How to buy your first serious, grown-up watch

(CNN) -- In recent days the good and the great of the watch and jewelry industry have descended on Basel, Switzerland for Baselworld 2014---the biggest and most ballyhooed event on the industry calendar. Running until April 3, the fair is expected to attract more than 150,000 visitors, who will ogle at the latest gadgets and admire glittering new designs.

But for many, investing in a quality watch is a significant and yet surprisingly complicated business. There are indeed a raft of considerations to balance before splashing out on a luxury timepiece, and so we spoke to three leading industry experts on how to make an informed decision.

Classic stays in style

Toby Bateman, the buying director at fashion retail site MRPORTER.COM, says first-time buyers should avoid anything too outré. "Keep it simple and timeless with classic design, something that would look good with a suit or your weekend clothes," he says. "If you follow this advice then you are unlikely to see your watch 'go out of fashion."

Size matters

Ariel Adams, the founder and editor-in-chief of aBlogtoWatch.com, the world's most popular watch blog, follows two simple rules. Watches should not look petite on the wrist, and the logs should not extend past the edge of the wrist. "Most people look best with a round case, and a watch sized between 40-44mm wide looks good on the wrists of 95% of men," he says.

There are few exceptions to this rule. As Batemen says: "Avoid going too oversized unless you happen to be 6 foot 5' and it's in proportion to your gigantic wrists."

Iconic brands make for a good first splurge

"It is often safe to go with a well-known brand with a lot of history," says Adams. "The longer a brand has been making watches the better the results in many instances." There are at least 20 very reliable brands with a proven track record for quality. Given their popularity, they often prove easier to repair and service as the years tick by.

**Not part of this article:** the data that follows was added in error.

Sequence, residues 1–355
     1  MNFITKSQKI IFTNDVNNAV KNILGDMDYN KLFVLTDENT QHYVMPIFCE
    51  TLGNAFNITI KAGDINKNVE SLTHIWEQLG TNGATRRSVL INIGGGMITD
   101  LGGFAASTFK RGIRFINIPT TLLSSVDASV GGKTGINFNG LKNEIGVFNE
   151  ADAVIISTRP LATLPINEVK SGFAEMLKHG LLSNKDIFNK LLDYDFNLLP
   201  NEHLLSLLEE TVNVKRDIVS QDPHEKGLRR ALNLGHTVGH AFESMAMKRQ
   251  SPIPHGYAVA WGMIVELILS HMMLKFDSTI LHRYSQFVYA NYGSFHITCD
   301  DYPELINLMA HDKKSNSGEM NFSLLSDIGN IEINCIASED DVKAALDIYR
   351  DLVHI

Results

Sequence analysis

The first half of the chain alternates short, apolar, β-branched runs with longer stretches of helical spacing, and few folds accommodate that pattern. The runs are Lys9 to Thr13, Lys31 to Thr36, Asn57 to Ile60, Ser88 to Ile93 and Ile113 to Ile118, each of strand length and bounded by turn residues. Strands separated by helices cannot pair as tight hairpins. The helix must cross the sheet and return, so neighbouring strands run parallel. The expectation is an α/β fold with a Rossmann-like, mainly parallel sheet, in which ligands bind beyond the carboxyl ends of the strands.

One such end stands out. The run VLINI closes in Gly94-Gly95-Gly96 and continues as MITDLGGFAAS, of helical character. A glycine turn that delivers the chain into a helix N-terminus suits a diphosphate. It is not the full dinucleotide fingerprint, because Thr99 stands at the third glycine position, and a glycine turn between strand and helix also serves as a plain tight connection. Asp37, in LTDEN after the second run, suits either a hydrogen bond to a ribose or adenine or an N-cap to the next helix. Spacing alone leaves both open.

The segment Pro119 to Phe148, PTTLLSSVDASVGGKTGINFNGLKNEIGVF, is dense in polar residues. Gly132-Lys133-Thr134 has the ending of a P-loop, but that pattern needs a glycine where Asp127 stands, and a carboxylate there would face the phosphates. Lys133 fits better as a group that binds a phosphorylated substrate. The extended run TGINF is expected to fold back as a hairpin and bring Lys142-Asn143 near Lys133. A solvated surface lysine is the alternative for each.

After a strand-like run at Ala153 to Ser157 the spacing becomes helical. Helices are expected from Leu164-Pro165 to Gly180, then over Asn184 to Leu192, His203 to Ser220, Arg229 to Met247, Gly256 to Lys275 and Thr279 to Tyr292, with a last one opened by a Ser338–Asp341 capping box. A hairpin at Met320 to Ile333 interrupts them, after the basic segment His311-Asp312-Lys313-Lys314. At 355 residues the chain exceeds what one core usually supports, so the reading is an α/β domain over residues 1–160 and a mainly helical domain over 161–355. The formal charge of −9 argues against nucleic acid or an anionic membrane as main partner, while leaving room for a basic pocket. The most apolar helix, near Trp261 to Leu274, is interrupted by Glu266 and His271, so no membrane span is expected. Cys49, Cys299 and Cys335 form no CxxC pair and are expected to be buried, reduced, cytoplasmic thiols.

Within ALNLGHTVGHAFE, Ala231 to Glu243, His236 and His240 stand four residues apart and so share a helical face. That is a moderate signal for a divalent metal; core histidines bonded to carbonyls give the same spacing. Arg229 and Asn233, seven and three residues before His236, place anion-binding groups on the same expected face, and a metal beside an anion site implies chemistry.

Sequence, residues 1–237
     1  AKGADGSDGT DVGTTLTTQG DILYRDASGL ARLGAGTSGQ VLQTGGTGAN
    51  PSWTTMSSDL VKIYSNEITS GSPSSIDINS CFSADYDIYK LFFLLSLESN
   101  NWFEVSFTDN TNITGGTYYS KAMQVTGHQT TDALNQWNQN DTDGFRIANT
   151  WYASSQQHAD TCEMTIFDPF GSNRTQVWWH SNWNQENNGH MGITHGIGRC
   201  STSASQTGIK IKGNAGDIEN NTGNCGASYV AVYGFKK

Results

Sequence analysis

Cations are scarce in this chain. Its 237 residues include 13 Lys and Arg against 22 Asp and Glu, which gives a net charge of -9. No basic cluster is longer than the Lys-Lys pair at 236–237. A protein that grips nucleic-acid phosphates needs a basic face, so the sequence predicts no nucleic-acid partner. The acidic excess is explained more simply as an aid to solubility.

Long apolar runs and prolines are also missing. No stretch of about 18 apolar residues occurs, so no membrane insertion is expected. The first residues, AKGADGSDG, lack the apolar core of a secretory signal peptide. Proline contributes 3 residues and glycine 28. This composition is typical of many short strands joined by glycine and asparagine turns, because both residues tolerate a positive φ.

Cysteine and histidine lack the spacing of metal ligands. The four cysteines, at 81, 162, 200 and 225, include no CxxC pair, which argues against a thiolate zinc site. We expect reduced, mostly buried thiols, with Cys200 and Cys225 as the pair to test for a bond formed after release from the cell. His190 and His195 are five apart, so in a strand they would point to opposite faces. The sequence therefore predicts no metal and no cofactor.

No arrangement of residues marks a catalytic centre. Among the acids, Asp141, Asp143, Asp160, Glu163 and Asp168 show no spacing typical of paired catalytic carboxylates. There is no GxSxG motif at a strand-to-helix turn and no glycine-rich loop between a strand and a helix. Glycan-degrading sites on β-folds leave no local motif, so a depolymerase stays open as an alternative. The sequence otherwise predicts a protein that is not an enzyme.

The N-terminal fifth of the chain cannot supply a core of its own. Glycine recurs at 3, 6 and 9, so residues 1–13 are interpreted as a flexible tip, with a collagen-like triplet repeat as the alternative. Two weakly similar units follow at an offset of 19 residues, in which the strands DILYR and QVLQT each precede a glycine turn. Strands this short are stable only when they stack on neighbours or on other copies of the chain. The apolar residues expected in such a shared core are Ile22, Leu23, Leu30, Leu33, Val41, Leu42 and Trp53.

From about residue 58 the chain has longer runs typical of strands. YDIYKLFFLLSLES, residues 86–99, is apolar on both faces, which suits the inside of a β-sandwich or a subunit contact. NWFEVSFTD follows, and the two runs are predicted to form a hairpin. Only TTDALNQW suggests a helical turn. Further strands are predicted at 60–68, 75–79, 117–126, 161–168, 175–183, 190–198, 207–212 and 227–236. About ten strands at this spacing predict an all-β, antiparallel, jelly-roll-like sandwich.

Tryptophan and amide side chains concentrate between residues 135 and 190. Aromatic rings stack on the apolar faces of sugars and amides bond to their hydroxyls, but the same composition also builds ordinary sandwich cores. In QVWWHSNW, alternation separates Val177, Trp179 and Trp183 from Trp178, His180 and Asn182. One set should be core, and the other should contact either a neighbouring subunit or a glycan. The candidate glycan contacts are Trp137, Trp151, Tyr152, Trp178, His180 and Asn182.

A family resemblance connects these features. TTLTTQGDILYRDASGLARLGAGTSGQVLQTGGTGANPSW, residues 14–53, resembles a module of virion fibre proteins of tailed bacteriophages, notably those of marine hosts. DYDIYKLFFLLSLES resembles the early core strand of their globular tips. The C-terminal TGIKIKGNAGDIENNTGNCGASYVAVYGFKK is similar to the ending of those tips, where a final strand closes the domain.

Don't think of your watch as a financial investment

"You'll never get the money back that you spent on it," says Andrew Block, the president and CEO of leading luxury watch consultancy Second Time Partners. "It's like buying a car. The minute you put it on your wrist it's worth less than what you paid for it." If maintaining the value of a watch is still important to you, he says Patek Philippe and Rolex will fare the best. For women, he suggests Cartier.

Off-the-radar brands are worth a look

There are literally thousands of brands to choose from, so do your research. Bateman suggests those graduating to luxury consider Bremont, a British brand which takes inspiration from the military, and Nomos Glashutte, an established brand in Germany that is making a push internationally.

Bling doesn't always justify price increases

The number one expense in watch-making is labor. It's not the materials, and it's not diamonds and gold. "Some watches are more branding than substance," says Adams. "Watch out for brands with bloated prices thanks to merely adding precious metals and jewels to base watches and movements that aren't worth very much."

Don't fear the funky or avant-garde

Over time, buyers should feel comfortable adding new designs to their collection. From fashion watches to sports watches, every timepiece can up your style quotient, says Block. "I believe in watch wardrobing," he says. "You wear one watch today and one watch tomorrow. You can have a different watch for every occasion. It's a concept women already understand, and which men should embrace."

Choose it yourself

A watch may not be a financial investment, but it is an emotional one. It reflects something about the person who chooses it. Because of that, it's unwise to let a relative or friend select the watch that you'll be wearing for the next five to ten years. This is an opportunity to express something about yourself.

Trust your instincts

"People tend to doubt their own taste and try to buy what they think people want them to wear," says Adams. "People should realize that their own taste is the most important and that legibility and wearing comfort are the two most important factors in allowing them to enjoy it the longest."

Technology can create problems

Added functions, such as a second time zone function, an annual calendar and a chronograph, can be useful. But if you don't know what these are, you should ask yourself if you really need them. "Highly complicated mechanical watches add value but also fragility and potential service problems," Adams says. "Those with very complicated timepieces are advised to have a few of them so that they have something else to wear if they need to be repaired."

Don't feel bad about rewarding yourself

Watches are practical purchases. Assuming you care for them, they can also last decades and become important markers of your personal history. "A fine watch can signify an achievement, like branching out on your own, graduating university, or getting your first job," says Block. "It can mark a new stage in your life."

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